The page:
Before every test students work as a class to come up with a study guide. They practice going through their notes and textbook, and I write down whatever they come up with. By the end everyone has a two column sheet with vocab or big ideas on the left and definitions or details on the right. Fold in half for an instant self quizzing machine! (Some kids prefer flashcards, works the same.) Then, we practice everything they decided they will need to know for the test via a review game. Practicing takes different forms each unit and honestly has a lot more to do with my mood than anything else, although I'm sure there are some units that are better suited to certain games. As the year went on and I got organized I would offer multiple options at stations
(BINGO and Basketball would be too distracting but everything else works).
No Prep Required:
Students make up problems and solve them. Since my BINGO boards
are small, numbers work much better than words (explanations are impossible). We can abbreviate words in vocab heavy units though. As students submit the problems I write the answers on the board. When there are at least 25 different answers on the board I tell everyone to stop making up problems and start filling them RANDOMLY into their card (we can't have everyone getting BINGO on the same turn!). I laminated the blank cards and use dry erase markers for a reusable set. When everyone is ready, I write up problems one at a time and students put a single line through the answers they get. I give hints but not full solutions. Students may work together, but more often they are competing. To win a student must read back the 5 answers they got in a row (so keep a neat pile of the questions/answers you have already used to check). The winner gets to choose an item from the prize basket! (A basket filled with random items I found for less than $1. The goodie bag section of Target, the dollar store or a party store is great for little puzzles and glow sticks are also popular.)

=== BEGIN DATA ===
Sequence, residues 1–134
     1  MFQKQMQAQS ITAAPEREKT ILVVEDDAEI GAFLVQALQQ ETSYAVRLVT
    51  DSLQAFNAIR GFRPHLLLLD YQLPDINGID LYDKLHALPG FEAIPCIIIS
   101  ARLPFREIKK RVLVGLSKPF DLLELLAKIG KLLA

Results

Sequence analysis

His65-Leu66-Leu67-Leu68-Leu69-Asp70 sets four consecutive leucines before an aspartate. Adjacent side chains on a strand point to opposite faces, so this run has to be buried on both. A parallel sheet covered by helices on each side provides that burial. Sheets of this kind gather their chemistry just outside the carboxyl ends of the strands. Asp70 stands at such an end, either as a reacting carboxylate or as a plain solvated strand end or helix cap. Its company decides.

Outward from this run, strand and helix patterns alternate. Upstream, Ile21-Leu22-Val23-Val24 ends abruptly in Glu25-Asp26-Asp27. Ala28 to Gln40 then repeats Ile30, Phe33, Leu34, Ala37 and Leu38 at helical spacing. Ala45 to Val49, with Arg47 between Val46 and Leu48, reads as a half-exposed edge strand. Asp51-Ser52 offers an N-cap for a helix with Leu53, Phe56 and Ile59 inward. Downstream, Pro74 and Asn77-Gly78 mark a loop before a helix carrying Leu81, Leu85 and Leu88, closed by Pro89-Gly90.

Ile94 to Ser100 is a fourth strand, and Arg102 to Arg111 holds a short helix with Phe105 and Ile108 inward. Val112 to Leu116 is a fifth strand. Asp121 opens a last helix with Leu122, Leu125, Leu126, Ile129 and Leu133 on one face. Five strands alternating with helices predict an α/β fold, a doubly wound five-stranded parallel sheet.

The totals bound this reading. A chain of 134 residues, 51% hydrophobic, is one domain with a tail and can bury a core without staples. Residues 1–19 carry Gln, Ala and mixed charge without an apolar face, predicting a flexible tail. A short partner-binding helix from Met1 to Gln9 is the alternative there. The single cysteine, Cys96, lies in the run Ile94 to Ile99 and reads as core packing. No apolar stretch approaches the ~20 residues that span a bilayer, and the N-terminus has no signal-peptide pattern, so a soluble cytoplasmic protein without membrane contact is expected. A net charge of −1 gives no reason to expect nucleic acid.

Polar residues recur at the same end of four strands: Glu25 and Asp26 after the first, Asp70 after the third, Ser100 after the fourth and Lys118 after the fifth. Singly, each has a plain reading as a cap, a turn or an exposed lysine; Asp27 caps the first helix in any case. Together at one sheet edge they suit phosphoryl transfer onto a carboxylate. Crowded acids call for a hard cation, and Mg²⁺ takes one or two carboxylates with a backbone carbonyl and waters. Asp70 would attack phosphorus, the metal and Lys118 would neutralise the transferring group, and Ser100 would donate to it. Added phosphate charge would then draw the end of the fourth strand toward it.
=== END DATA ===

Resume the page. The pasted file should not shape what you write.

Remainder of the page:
Minimal Prep Required:
My take is to put 3 problems on a half sheet, then have 6 different half sheet options. Students solve all three problems, then check with me. If all three are perfect they get to crumple up the paper and shoot for the recycling bin from the close line, an advantage since making the shot awards them a bonus point. If there is even one small mistake they get sent away to figure out what's wrong and fix it. Once they've fixed it they check with me again, and if it is now perfect they must shoot from the far line. I make a big grid and check off each half sheet they complete, as well as how many shots they made. The grid is key if you want to have any idea what work they did, since it's all in the recycling bin! It also allows me to declare a winner, who gets to choose an item from the prize basket. The students love this game, and I love that there is a reward for checking their work before handing it in. I don't love the stampede around me. Every time we play I get totally surrounded at some point and have to tell everyone to back up and form a line. If you have ideas how to keep the momentum and enthusiasm going without me getting trampled I would love to hear them.
Check sum (stolen from someone but I forget who, comment if it's you!)
Practice problems are grouped in categories (meaningful or completely random) on a worksheet. When all the problems in one section are complete, students add up all the answers. The 'check sum' is posted in the front of the room- if their sum matches they got it right! (Or at least the probability is really high, I try to have some large numbers and/or decimals mixed in so it's unlikely they found another set of numbers that have the same sum.) If not, they have to check their work for every problem in the section. I like this one because it puts the responsibility of checking the work and finding the mistake on them. Maybe I could merge this with basketball... ideas formulating!